WELCOME TO COATES STREET PRESBYTERIAN CHURCH

YOU ARE ALWAYS WELCOME AT COATES STREET PRESBYTERIAN CHURCH!

Coates Street Presbyterian Church

We Seek to Know Christ’s Love and Minister in His Name

Worship Services are held every Sunday at 10:30 AM. Communion is served on the First Sunday of each month, Maundy Thursday, and Christmas Eve. All who believe are Welcome at The Lord’s Table. Coates Street Presbyterian Church is a member of PC(USA). We are located 601 West Coates Street; On the corner of Johnson Street and West Coates Street in Moberly, MO. The office entrance is off the North parking lot. Worship entrances are through the front doors, office entrance, or lower level. An elevator is available.

Who We Are

The members of Coates Street Presbyterian Church minister to Moberly and the surrounding community by participating in the work of Christos Center, Community Daycare, Jump Start Tutoring, Buddy Backpacks, Safe Passage and the Randolph County Ministerial Alliance. We are also active in the Randolph Caring Communities West End Projects.

We offer Sunday School and Youth Programs, including Vacation Bible School, Summer Youth Camp and Youth Retreats.

Youth Groups:  Youth groups meet during the school year:
Combined Middle School and High School youth meets Sunday evenings from 6-8 PM, on the 2nd & 4th Sundays
Elementary School youth meets Thursdays after school from 3:15-5:15 PM

We have a bus to pick students up from school and transport them to CSPC for youth group meetings.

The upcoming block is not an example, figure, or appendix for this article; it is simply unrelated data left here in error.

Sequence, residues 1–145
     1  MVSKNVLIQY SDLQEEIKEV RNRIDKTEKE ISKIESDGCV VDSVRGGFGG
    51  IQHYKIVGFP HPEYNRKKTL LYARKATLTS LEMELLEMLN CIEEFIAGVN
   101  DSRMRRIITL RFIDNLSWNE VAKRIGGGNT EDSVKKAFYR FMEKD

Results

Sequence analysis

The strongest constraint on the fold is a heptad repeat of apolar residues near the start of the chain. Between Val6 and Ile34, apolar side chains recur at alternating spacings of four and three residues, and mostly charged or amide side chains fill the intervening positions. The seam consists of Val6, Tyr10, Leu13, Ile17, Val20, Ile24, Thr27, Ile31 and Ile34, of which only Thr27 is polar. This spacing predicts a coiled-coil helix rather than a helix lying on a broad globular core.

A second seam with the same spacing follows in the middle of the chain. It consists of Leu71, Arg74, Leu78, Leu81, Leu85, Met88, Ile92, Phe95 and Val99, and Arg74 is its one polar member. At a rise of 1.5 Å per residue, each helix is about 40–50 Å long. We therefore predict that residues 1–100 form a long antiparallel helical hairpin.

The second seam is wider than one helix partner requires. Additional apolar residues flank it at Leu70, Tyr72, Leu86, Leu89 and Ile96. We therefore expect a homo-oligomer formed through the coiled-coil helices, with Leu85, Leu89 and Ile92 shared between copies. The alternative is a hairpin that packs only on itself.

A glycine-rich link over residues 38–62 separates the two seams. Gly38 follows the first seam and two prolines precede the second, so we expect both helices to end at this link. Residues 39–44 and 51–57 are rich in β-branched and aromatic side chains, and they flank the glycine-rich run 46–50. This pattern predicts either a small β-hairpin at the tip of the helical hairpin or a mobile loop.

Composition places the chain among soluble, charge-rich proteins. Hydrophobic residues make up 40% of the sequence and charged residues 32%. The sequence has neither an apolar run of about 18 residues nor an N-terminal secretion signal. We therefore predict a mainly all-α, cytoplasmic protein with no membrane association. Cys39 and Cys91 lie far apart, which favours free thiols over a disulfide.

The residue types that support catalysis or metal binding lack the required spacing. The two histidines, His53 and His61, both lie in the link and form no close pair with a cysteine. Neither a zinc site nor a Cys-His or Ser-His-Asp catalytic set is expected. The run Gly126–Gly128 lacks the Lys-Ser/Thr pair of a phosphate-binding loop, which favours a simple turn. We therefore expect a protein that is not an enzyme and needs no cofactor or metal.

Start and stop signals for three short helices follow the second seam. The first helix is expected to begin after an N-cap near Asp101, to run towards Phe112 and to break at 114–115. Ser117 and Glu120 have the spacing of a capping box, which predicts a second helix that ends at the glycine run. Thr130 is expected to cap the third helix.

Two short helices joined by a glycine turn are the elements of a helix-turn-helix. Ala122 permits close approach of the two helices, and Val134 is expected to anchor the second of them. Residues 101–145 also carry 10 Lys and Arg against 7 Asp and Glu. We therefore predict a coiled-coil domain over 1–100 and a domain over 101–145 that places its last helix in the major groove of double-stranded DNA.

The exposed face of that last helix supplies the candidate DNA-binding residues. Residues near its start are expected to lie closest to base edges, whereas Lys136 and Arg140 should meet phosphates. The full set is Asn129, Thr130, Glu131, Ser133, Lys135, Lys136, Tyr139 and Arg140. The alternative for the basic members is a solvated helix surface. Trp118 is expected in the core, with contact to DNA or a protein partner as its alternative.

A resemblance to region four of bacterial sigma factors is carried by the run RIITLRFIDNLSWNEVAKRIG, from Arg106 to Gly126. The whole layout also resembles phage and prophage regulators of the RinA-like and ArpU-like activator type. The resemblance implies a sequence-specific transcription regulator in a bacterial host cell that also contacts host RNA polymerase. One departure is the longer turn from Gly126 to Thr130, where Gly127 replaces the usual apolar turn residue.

Youth group activities include: joys and concerns, Bible study/story time, crafts, games and snacks.
For more information, contact Mary Riley at the Church office.

You may reach us at:

601 West Coates Street

Moberly, MO 65270

(660) 263-4571

email: cspcmoberly@gmail.com

Office hours:

9:00-12:00 Monday-Friday

UPDATE ON CHURCH STEEPLE

Workers from Beaverson Roofing, Moberly, MO have been working on removing the shingles and the steeple, after a lighting strike 8/11/19. A Structural Engineer will be assessing the bricks of the bell tower, to see how much of it will need to be removed and replaced.

As most of you may have heard, the steeple was struck by lightning just before worship Sunday morning, August 11, 2019.  There is damage to the steeple, but NO ONE was hurt!  The insurance company has been contacted and things are progressing.  We received the OK to tarp the steeple.  (There was NO visible water damage this morning from the rain last night).  Now it is a matter of insurance, engineers, construction and the Session making some hard decisions.  Everyone wants to know what they can do, at this point, PRAY!  We will keep you updated as we are.

In case you were not able to attend the prayer service held at Trinity United  Methodist on Sunday evening 8-11-19; here is Pastor Joel’s message:

“Friends, we are gathered here today for a short prayer service. To pray for our church, and our building that has been a house of worship in this community for over a century. We must admit that something like what happened this morning to our church is scary. We thank God that no one was hurt, and yet the lightning served as a disruption in our day. Striking not far from where we our people were gathered, it reminded us of the frailty of life, that death could come at any moment, and it reminded us of the fragility of even our sturdy buildings. But in gathering tonight, we take a stand saying that the devil cannot stop us from worshipping today. And in the midst of even the hard times we will gather together and sing praises to our God who we firmly believe is still good.